Sortation system tailors store deliveries
Wet Seal redesigns its distribution center with flexible sortation equipment that resulted in a better profit margin and product selection for the customer demographic at individual store locations.
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The thought of a wet seal might not stir up images of trendy fashion items. However, the Wet Seal headquartered in Foothill Ranch, Calif., is a national apparel retailer specializing in trendy fashions and contemporary accessory items designed for young fashionistas on the cutting edge of style.
Wet Seal had been distributing merchandise to its 558 stores across 47 states in pre-packs that included six garments in predetermined sizes per pack. An alteration in the company’s distribution strategy meant moving away from pre-packs toward customized orders to suit the customer demographic in each store to ensure that appropriate merchandise goes to the appropriate store.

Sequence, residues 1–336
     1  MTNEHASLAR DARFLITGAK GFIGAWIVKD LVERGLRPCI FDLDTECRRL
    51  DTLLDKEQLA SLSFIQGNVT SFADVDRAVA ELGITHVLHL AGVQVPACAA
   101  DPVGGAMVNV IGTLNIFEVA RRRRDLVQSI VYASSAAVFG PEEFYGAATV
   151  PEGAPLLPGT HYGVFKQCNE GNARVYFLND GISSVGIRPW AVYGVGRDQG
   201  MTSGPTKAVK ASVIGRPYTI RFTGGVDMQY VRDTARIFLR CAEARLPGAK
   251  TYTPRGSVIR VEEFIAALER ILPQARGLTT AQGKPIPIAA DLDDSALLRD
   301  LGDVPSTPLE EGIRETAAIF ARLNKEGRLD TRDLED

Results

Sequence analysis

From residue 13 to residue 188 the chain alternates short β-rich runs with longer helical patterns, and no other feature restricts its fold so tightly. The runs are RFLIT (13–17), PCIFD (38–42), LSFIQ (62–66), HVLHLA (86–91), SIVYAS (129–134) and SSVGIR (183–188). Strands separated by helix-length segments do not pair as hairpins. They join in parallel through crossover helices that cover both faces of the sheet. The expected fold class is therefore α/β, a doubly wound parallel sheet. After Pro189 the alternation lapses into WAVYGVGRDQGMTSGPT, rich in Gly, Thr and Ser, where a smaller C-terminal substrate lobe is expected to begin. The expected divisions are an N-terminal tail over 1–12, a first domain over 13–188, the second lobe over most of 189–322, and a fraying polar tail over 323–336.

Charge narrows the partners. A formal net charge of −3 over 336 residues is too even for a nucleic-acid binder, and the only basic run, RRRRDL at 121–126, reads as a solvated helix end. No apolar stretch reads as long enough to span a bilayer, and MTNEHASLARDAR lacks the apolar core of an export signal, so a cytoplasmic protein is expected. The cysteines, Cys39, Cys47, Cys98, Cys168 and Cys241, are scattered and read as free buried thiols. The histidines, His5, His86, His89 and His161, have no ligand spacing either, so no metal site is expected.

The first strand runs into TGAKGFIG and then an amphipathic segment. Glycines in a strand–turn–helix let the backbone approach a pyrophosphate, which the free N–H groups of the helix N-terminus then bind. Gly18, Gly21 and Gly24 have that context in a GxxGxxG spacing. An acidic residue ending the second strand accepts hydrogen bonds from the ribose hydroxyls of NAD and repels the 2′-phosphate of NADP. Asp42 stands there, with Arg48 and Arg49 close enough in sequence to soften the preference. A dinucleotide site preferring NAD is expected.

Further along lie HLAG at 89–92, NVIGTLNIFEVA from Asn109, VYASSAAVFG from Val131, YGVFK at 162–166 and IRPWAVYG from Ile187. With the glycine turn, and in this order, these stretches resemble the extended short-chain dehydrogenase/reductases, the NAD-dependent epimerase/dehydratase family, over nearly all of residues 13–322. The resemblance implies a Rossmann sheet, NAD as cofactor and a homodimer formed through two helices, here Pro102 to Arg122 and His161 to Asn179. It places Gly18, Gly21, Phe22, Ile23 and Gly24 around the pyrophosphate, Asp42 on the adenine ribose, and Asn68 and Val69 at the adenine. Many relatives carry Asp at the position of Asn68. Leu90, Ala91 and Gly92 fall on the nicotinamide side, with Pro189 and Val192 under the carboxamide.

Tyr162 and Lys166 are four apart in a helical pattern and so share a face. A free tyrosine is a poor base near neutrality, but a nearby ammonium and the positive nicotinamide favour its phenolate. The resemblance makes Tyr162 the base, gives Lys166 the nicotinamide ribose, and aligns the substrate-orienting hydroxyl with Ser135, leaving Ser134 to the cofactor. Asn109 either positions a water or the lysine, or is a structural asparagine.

“If an item stays on the store shelves too long, it gets marked down until it sells, which hurts the company’s profit margin,” explains Charlie Torok, Wet Seal’s vice president of logisitics.
So, Wet Seal exchanged a labor-intensive carton packing process with three flexible sortation units (SDI Industries, sdiindustries.com). Each machine has the capacity to present 14,400 tray opportunities per hour past a single induction point. Once product is scanned and inducted into the system by an associate, a light sensor detects product on the tray, carries it to the appropriate location, and then drops it (Bombay style) into the designated shipping carton. The system is currently handling 33,000 pieces per hour, but will increase when a planned fourth sorter is installed.
With a flexible design, the sortation system is capable of left and right serpentine curves in horizontal and vertical planes. In this DC, it meant the ability to stack induction stations of two sorters, one above the other, to increase capacity within the existing footprint.
Since installing the new sortation system, Torok says, the DC has ensured carton integrity, gone from 92% accuracy to 99.8% accuracy, and increased the company’s profit margin by saturating each store with the items it needs to satisfy its customer profile.
About the AuthorLorie King Rogers Lorie King Rogers, associate editor, joined Modern in 2009 after working as a freelance writer for the Casebook issue and show daily at tradeshows. A graduate of Emerson College, she has also worked as an editor on Stock Car Racing Magazine.
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